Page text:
Trump Accused of 'Naked Aggression' Against Arabs and Muslims Over Jerusalem Embassy Move

U.S. President Donald Trump (left) arrives at the Israel Museum accompanied by Israeli Prime Minister Benjamin Netanyahu (right), on May 23. MANDEL NGAN/AFP/Getty Images

President Donald Trump was accused of "naked aggression" against Arabs and Muslims as tensions rose across the Middle East over revived plans for the U.S. to move its embassy from Tel Aviv to Jerusalem.

The Organization for Islamic Cooperation made the charge and called on its 57 member states to sever ties with the U.S. if it proceeded with the move to recognize the holy city of Jerusalem as the capital of Israel. The organization said the transferring of any diplomatic mission to Jerusalem by any country constituted an attack on Arabs and Muslims as well as Christians and Palestinians.

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A number of Arab and Muslim nations, including Saudi Arabia, Jordan and Turkey, have strongly condemned the possible move. On the campaign trail last year, Trump frequently promised the relocation of the embassy from Tel Aviv, but the issue was repeatedly postponed once he assumed office.

The White House said Monday it had not made a decision on the move, despite the expiration of the deadline for the presidential waiver on the 1995 Jerusalem Embassy Act. Technically, by failing to sign the waiver, Trump opened the door for Congress to push through the relocation. Reports began circulating Friday that the move could be announced as early as Wednesday. The State Department has already warned American embassies worldwide to heighten security ahead of possible violent protests.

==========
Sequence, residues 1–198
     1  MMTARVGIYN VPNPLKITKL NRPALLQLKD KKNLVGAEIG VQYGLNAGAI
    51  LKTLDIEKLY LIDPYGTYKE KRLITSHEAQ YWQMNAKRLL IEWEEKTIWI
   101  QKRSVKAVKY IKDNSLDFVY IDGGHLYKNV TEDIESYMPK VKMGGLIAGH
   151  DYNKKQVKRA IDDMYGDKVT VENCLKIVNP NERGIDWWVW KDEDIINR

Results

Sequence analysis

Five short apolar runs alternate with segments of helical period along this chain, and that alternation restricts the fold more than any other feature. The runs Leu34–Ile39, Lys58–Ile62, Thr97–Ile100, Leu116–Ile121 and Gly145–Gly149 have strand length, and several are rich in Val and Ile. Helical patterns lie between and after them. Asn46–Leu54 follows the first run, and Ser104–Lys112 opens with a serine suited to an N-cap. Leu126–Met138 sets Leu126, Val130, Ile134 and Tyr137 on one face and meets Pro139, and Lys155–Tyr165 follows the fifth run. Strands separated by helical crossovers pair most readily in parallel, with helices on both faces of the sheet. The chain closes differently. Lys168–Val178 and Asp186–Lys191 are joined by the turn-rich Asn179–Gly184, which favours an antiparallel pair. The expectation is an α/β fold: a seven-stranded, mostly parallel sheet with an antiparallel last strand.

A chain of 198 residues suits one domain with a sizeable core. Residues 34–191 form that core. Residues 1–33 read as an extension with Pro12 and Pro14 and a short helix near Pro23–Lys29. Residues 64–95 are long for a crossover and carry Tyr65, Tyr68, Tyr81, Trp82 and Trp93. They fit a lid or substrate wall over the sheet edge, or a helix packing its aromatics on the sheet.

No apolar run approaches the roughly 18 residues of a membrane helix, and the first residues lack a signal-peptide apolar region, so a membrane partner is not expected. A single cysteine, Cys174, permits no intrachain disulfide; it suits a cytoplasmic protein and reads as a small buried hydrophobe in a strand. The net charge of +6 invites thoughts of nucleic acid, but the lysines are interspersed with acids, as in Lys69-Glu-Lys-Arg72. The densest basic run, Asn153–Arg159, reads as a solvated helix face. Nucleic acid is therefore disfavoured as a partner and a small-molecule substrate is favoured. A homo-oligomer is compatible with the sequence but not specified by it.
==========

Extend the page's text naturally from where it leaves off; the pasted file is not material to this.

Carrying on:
Since 1948, and before the founding of Israel, the U.S had not recognized any state's sovereignty over East or West Jerusalem, a position that had remained unchanged under both Republican and Democratic presidents. Not only in the Middle East but across the world, the current ambiguity in Washington stoked fears that this policy could be about to end, jeopardizing any remaining hopes for peace between Israel and Palestine.

Both Israelis and Palestinians claim Jerusalem as their capital. Analysts said that U.S. recognition of Jerusalem would endanger the potential of a two-state settlement to the conflict.

Mayor Nir Barkat of Jerusalem told Newsweek prior to the expiration of the waiver that he expected the Trump administration to keep its promises over the move, even if ultimately it was a U.S. decision. "My statement to the administration is for them to keep their word," Barkat said. "I think any Israelis, Americans, Europeans, if you come up with a statement and you don't follow our part of the region is not a solution."

The price of the embassy move became increasingly tangible this week, as Turkey, after a period of rapprochement with Israel, said it would cut all diplomatic ties with Israel if the U.S. recognized Jerusalem, according to CNN Turk. Similarly, Saudi Arabia denounced the move, despite a growing closeness with Israel over how to combat the pair's regional foe, Iran.

"Any American announcement on the status of Jerusalem before a final settlement is reached will harm the peace process and increase tension in the region," Prince Khalid bin Salman bin Abdulaziz, the Saudi ambassador to the United States, said in a statement.

"The kingdom's policy has been and continues to be supportive of the Palestinian people, and this has been transferred to the U.S. administration," he added, according to the Saudi-owned broadcaster al-Arabiya.